“It’s marketing overselling,” said Randy Swart, director of the institute in Arlington, Va. “There have only been minor changes to helmets since 1999. As long as they meet safety standards, you’re fine.”

Tod Marks, senior editor at Consumer Reports, says if you’re a casual rider and haven’t been in an accident involving your head, “there’s no reason you can’t keep it for five to seven years.”

CAR TIRES Scientific tests show that even tires that aren’t driven much start disintegrating after five years, said Don Jarvis, Ford’s safety policy coordinator.

The structure of the rubber begins to change as oxygen molecules begin to migrate out of the rubber, he said. In hotter climates, this occurs even faster.

This doesn’t really affect people who drive their vehicle regularly, since most replace their tires at about 45,000 miles, or every three years, according to the Rubber Manufacturers Association.

But it does mean, Mr. Jarvis said, that you should be sure to rotate your spare tire in for regular use, rather than storing it in the back of the car for years.

The Rubber Manufacturers Association, however, is not supporting Ford’s decision.

“If Ford has data, it hasn’t shared it with us,” said Dan Zielinski, a spokesman for the association. “There is no data that says tires will not be able to perform due to age alone.”

The federal Department of Transportation doesn’t require expiration dates on tires, but is considering a petition urging such a move, according to a spokesman, Rae Tyson.

“We think it’s good that Ford has stepped forward and has given some guidance,” Mr. Tyson said. “Old tires can potentially be a safety problem.”

BOTTLED WATER After considering tires, children’s safety seats and bike helmets, worrying about the freshness of bottled water may seem a bit, well, frivolous. After all, most of us drink the water soon after we buy it.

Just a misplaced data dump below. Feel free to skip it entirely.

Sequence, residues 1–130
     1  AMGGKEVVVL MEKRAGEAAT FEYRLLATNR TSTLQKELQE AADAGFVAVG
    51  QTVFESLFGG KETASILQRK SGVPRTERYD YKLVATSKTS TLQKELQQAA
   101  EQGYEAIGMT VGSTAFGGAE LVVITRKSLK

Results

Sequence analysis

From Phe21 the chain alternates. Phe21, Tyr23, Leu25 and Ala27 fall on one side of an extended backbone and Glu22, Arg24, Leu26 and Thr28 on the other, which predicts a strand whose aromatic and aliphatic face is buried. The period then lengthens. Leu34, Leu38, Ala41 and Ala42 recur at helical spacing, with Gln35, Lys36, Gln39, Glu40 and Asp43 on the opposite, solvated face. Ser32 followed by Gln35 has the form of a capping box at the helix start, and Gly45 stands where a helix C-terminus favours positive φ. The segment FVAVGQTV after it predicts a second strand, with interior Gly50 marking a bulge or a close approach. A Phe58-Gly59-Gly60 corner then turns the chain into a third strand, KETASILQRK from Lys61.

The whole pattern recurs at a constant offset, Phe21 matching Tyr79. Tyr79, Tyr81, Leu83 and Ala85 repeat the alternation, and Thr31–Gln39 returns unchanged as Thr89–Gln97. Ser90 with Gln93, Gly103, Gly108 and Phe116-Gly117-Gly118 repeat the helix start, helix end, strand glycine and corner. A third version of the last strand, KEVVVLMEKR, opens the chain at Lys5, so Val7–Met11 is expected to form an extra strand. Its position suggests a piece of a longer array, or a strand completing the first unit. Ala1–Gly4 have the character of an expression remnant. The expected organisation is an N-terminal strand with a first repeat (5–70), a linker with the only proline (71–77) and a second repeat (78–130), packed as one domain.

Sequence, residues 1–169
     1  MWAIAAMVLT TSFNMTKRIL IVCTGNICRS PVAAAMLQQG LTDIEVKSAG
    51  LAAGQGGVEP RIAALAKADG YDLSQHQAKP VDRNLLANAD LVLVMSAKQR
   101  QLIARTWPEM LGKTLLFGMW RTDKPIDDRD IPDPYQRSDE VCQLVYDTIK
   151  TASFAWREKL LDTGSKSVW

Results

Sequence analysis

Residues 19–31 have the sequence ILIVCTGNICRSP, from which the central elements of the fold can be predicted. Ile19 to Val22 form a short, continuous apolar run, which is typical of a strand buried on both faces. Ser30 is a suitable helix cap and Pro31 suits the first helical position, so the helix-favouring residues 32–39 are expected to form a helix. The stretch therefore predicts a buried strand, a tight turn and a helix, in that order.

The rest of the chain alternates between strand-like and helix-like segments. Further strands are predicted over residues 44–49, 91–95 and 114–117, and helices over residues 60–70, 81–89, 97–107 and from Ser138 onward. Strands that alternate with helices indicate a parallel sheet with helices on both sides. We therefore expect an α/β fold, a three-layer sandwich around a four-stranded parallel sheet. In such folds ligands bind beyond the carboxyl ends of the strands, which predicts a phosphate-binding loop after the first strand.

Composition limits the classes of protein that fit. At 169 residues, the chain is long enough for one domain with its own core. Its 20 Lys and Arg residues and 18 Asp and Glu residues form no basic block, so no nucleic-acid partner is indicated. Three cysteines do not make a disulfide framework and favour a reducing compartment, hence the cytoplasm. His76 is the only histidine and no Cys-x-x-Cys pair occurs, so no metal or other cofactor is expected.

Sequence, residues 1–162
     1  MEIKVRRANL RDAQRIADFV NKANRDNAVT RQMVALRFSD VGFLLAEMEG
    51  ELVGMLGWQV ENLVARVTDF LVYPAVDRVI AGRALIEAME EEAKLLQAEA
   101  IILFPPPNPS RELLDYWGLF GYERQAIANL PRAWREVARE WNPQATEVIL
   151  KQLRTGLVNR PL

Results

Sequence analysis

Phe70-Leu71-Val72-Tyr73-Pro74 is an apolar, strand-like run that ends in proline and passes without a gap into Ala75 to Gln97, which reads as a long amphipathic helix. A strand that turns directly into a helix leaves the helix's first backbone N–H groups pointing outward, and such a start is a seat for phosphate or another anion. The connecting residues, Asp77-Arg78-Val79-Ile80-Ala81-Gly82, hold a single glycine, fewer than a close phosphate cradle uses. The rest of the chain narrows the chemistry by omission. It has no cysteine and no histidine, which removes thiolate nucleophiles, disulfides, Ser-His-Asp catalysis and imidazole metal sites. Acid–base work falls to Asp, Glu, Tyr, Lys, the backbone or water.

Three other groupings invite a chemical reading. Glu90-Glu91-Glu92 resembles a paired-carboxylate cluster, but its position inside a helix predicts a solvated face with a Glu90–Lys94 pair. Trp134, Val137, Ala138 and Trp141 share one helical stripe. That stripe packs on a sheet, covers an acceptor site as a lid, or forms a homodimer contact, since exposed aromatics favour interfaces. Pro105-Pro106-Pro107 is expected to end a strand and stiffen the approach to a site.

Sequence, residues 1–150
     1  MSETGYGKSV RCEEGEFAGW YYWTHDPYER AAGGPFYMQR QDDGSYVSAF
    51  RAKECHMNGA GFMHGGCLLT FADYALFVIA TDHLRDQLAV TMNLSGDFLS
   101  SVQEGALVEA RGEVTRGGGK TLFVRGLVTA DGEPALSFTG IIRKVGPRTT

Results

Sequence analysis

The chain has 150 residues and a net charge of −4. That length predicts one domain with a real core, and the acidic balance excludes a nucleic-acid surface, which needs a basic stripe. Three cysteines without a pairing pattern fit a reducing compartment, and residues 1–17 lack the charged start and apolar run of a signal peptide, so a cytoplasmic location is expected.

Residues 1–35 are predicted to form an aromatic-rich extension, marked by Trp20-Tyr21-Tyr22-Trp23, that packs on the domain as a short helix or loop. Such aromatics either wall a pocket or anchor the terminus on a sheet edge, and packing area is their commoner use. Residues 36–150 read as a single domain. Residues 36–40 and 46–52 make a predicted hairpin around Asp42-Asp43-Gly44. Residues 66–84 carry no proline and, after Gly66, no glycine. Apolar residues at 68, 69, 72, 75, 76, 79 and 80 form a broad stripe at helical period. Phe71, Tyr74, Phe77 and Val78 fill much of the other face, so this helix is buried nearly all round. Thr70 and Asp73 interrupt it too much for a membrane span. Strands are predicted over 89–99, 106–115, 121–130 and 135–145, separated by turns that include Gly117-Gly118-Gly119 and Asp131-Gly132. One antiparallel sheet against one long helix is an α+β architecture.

But why have the expiration date at all?

Again there are no federal laws requiring expiration dates on bottled water. They exist, according to the International Bottled Water Association, because some states require them. To simplify things, manufacturers simply stamp a date on all containers.

In addition, a date helps let store personnel know when it’s time to rotate the stock.

Although the typical expiration date is two years, said Stephen R. Kay, a spokesman for the association, the truth is that “as long as it is properly stored, there is no shelf life.”



2 Responses

  1. A friend of mine just emailed me one of your articles from a while back. I read that one a few more. Really enjoy your blog. Thanks

  2. There is significant controversy about whether drugs have an expiration date .

    I quote from the WSJ Article:

    Fifteen years ago, the U.S. military decided to find out. Sitting on a $1 billion stockpile of drugs and facing the daunting process of destroying and replacing its supply every two to three years, the military began a testing program to see if it could extend the life of its inventory.

    The testing, conducted by the U.S. Food and Drug Administration, ultimately covered more than 100 drugs, prescription and over-the-counter. The results, never before reported, show that about 90% of them were safe and effective far past their original expiration date, at least one for 15 years past it.

    In light of these results, a former director of the testing program, Francis Flaherty, says he has concluded that expiration dates put on by manufacturers typically have no bearing on whether a drug is usable for longer. Mr. Flaherty notes that a drug maker is required to prove only that a drug is still good on whatever expiration date the company chooses to set. The expiration date doesn’t mean, or even suggest, that the drug will stop being effective after that, nor that it will become harmful.


    “Manufacturers put expiration dates on for marketing, rather than scientific, reasons,” says Mr. Flaherty, a pharmacist at the FDA until his retirement last year. “It’s not profitable for them to have products on a shelf for 10 years. They want turnover.”

    The FDA cautions that there isn’t enough evidence from the program, which is weighted toward drugs needed during combat and which tests only individual manufacturing batches, to conclude that most drugs in people’s medicine cabinets are potent beyond the expiration date. Still, Joel Davis, a former FDA expiration-date compliance chief, says that with a handful of exceptions – notably nitroglycerin, insulin and some liquid antibiotics – most drugs are probably as durable as those the agency has tested for the military. “Most drugs degrade very slowly,” he says. “In all likelihood, you can take a product you have at home and keep it for many years, especially if it’s in the refrigerator.”